Hundreds attend vigil to honor Wayne State student killed in Dec. 26 shooting
One of six siblings, Casey Willis was not the talker of the bunch.
She wasn't the loud one or the outspoken one. She wasn't one to demand the attention of everyone in a room.
She was the soft-spoken one, the responsible one, the one whose actions communicated more than any words.
Willis was killed in what police called a random shooting the day after Christmas on Detroit's east side, leaving her family and friends with the memory of her benevolent and kindhearted spirit.
"She was just so precious," said close family friend, LaKita Gantz. "She didn't have to speak ... you saw her doing more than talking."
Several hundred people attended a vigil for Willis Tuesday night at her old high school, University Prep Academy.
They braved bitter cold while listening to speakers extol the young woman and, in her honor, simultaneously released purple and white balloons they had held during the ceremony.
The speakers spoke from a stage set up at the front of the school. Two photos of Willis were placed at both ends of the stage.
"We're hurting tonight. The enemy has stolen our loved one," said Pastor Daryl Harris of Total Life Christian Ministries in Detroit. "We're angry at the situation, angry at the perpetrator, angry at the violence that has riddled our streets every night."
Derrick Kellam, principal of University Prep Academy, said the school has a vision of what it wants graduates to be, and Willis fulfilled every requirement. She was self-aware, culturally aware and a great communicator, he said.
"It has been a great loss," he said. "We're all suffering."
Kellam told the crowd the school would establish a scholarship in Willis' name. The scholarship, to be called Vision of a Graduate, would ensure Willis' name would live on and on, he said.
In two days, a GoFundMe page that was set up to cover funeral expenses and help Willis' family has raised almost $28,000 as of Tuesday evening.
Willis, 19, was known for being motivated and driven. The University Prep Academy graduate planned on going to a historically Black college or university in Alabama but COVID-19 forced her to start her freshman year at Wayne State University.
Willis was studying sociology. Working as a board member at Alternatives for Girls, Willis developed a passion for helping women in need after watching her single mother, Carol Bush, raise six children on the east side of Detroit.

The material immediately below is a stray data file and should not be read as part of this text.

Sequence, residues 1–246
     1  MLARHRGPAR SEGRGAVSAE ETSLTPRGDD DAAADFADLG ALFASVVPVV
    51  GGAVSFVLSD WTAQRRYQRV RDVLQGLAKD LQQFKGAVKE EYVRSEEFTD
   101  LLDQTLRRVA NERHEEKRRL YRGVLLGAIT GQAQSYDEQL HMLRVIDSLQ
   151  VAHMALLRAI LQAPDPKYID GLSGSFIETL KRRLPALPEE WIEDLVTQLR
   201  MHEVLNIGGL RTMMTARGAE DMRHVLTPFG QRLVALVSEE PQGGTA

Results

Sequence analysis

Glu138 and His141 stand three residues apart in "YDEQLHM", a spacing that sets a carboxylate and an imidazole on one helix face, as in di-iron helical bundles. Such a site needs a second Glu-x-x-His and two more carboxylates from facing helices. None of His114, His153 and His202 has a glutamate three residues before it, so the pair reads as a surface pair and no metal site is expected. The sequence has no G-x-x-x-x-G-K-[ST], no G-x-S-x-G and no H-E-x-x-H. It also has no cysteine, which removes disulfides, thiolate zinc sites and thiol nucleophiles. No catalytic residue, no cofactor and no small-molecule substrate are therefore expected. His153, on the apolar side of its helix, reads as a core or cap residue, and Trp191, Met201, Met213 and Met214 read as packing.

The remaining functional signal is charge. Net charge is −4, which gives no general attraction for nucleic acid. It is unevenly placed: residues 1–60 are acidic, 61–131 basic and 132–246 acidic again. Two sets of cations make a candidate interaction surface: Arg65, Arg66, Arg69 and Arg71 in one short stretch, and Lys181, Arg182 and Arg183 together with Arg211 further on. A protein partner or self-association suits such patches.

She worked two jobs while in school full-time, working as much as she could to accomplish her goals to leave Detroit.
"She was definitely just different from most kids who grow up in this city, knowing it's hard to grow up living in Detroit, but she knew she needed to do certain things to change into what she wanted to become," Gantz said.
Willis and an 18-year-old male friend were sitting in a Honda Civic about 1:55 a.m. Saturday in the 18000 block of Cardoni when multiple shots from a long gun were fired into the vehicle, police said.
Willis was pronounced dead when medics arrived. No other injuries were reported. Two suspects possibly left in a Chevy Impala, police said.
Gantz said a Ring security camera that captured the shooting on video showed how "uncaring" the suspects were.
"She knew exactly what she wanted to get out of life," said Gantz. "She'd say 'This is what I want to do, I want to help give back to other women because I've seen a very strong woman in my mother.'"
Willis, Gantz said, was the child Bush always said she didn't have to worry about.
The two were very close. Anything Bush asked of Willis, she would do. Willis would still ask her mom for permission and for advice. Gantz said Bush would tell it to her straight.
"Living in a single-parent household, you have to grow up faster... and you have to figure out what it is you want to do so that those tough times don't end up tough the entire part of your life and I think that's what drove all of Carol's children," Gantz said.
Willis was a leader, even at a young age. The third oldest of the siblings, Willis took on responsibilities such as cooking for the family, which became a favorite pastime. It was just in Willis' personality to take care of others, Gantz said.
Willis also loved to sing and to watch movies. Some of her favorite songs came from movies such as "The Preacher's Wife" and "Dreamgirls."
"Growing up she just learned how to love and serve people and that's what she wanted to do with her life," Gantz said.